New York-based Mortgage Industry Advisory Corp. (MIAC) is in the market with two whole-loan offerings of nonperforming Ginnie Mae-insured mortgages that combined are valued at more than $1.2 billion.
The two deals involve nonperforming loans that are eligible for early buyouts (EBOs) from Ginnie Mae loan pools. The largest of the two EBO whole-loan offerings is valued at $1.1 billion. The second is a much smaller deal valued at $126.8 million.
The seller is not identified for either deal. For all of 2021, MIAC oversaw five EBO whole loan sales valued in total at $690.4 million, according to its website deal listings.
“The mindset is that … there’s not much else out there to buy right now,” said Brendan Teeley, senior vice president of whole loan sales and trading for MIAC’s Capital Markets Group. “And given its Ginnie Mae, there’s a great deal of confidence that you will get paid [because the underlying loans are insured], so on a risk-weighted basis, it’s a great asset.”
Ginnie Mae makes it possible for lenders to originate qualifying mortgages that they can then securitize through the government-sponsored agency. Ginnie, however, guarantees only the principal and interest payments to purchasers of its bonds, which are sold worldwide.
The underlying loans carry guarantees, or a mortgage insurance certification, from the housing agencies approving the loans — which include single-family mortgages backed by the Federal Housing Administration, the Department of Veterans Affairs and the U.S. Department of Agriculture.
Teeley added that the two loan-sale deals in the pipeline in March at MIAC may be among the last to benefit from what has been a relatively good pricing market for EBO-eligible whole loan sales.
“Historically, these [EBO nonperforming whole loan deals] have priced around mid-80s price, and there’s certainly been an uptick to the 90s [as a percentage of par] in the last year,” Teeley explained. ”In the last six or eight months, [however,] pricing has centered around par — meaning 100% of the estimated principal balance plus MSR advances.”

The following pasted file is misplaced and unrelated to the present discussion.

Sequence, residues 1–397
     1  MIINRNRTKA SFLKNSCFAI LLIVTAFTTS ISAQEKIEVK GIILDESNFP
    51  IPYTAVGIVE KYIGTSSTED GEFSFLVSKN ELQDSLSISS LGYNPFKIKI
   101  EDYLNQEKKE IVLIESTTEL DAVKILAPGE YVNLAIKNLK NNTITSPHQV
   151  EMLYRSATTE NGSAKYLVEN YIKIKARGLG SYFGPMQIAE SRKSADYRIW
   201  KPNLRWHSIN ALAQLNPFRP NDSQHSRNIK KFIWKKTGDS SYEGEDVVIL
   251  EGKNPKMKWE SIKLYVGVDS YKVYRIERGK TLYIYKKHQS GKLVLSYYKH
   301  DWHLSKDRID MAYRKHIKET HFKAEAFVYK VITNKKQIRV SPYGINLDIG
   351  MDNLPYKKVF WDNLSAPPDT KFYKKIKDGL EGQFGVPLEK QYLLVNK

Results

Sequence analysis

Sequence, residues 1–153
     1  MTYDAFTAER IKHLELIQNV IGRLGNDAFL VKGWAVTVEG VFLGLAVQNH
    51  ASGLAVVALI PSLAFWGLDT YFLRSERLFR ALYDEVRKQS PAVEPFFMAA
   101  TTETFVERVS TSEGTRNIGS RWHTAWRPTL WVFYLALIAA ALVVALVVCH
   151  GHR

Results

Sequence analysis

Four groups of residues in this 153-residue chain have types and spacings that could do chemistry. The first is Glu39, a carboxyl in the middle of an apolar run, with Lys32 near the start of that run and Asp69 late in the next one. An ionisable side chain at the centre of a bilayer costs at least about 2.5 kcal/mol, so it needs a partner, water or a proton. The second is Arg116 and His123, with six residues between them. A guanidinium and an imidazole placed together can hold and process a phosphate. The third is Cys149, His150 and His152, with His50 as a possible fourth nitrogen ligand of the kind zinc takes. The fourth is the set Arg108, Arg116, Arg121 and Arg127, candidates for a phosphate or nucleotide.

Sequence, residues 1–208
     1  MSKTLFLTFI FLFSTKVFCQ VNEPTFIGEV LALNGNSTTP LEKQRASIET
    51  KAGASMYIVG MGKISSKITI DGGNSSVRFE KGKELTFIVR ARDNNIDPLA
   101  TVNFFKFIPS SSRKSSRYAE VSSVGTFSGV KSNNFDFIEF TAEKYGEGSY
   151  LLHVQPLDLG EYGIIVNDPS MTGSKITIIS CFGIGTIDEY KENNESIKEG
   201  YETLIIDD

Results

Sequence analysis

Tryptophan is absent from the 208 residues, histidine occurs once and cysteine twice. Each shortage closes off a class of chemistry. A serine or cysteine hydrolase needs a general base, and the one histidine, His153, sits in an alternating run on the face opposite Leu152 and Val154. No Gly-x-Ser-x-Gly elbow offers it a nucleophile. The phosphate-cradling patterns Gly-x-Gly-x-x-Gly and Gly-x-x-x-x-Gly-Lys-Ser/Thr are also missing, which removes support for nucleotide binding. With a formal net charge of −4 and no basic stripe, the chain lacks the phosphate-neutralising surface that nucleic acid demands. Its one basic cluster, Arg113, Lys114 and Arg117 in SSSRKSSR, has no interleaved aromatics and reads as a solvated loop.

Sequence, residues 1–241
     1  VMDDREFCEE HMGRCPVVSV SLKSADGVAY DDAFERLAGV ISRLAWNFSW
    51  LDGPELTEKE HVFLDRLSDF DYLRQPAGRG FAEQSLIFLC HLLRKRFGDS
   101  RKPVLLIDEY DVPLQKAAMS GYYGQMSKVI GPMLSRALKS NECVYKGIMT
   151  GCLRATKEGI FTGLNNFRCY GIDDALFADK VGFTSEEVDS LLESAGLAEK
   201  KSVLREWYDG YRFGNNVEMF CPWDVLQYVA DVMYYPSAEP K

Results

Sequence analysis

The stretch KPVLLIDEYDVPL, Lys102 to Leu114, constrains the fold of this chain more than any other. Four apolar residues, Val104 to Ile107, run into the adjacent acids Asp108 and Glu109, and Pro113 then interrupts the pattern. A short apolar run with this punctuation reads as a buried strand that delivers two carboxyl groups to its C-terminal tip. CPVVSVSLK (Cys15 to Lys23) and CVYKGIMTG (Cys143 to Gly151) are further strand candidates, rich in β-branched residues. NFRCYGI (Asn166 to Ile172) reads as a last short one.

But that’s changing now, as the effect of sharp interest-rate jumps takes some air out of the EBO balloon.
“… We think we’re at the end of the trade at these [pricing] levels,” Teeley added. “Pricing [on EBO loans] has already crept down to the high 90s [as a percent of par].
“… It’s really opportunistic for sellers [now] to be able to get out with a minimal haircut and get away from the [servicing] advances, and get away from the liability and servicing.”
Under Ginnie’s EBO program, a nonperforming mortgage can be acquired at par by a lender once it’s 90 days past due. If the lender can get it to reperform, typically via a modification to the terms, and it stays current for six consecutive months, the loan is eligible to be re-securitized as part of a new Ginnie Mae loan pool.
“The benefit of this [EBO early buyout program] is that a [lender after purchasing the loan] immediately stops advancing the principal and interest each month,” explained Tom Piercy, managing director of Denver-based Incenter Mortgage Advisors.
Piercy added that an EBO-eligible nonperforming loan that is eventually reissued into a new Ginnie security can potentially return a comfortable profit. In the current fast rising-rate environment, however, where mortgage rates are up by at least a point since November of last year, the pricing dynamics in the EBO market have changed, according to Teeley.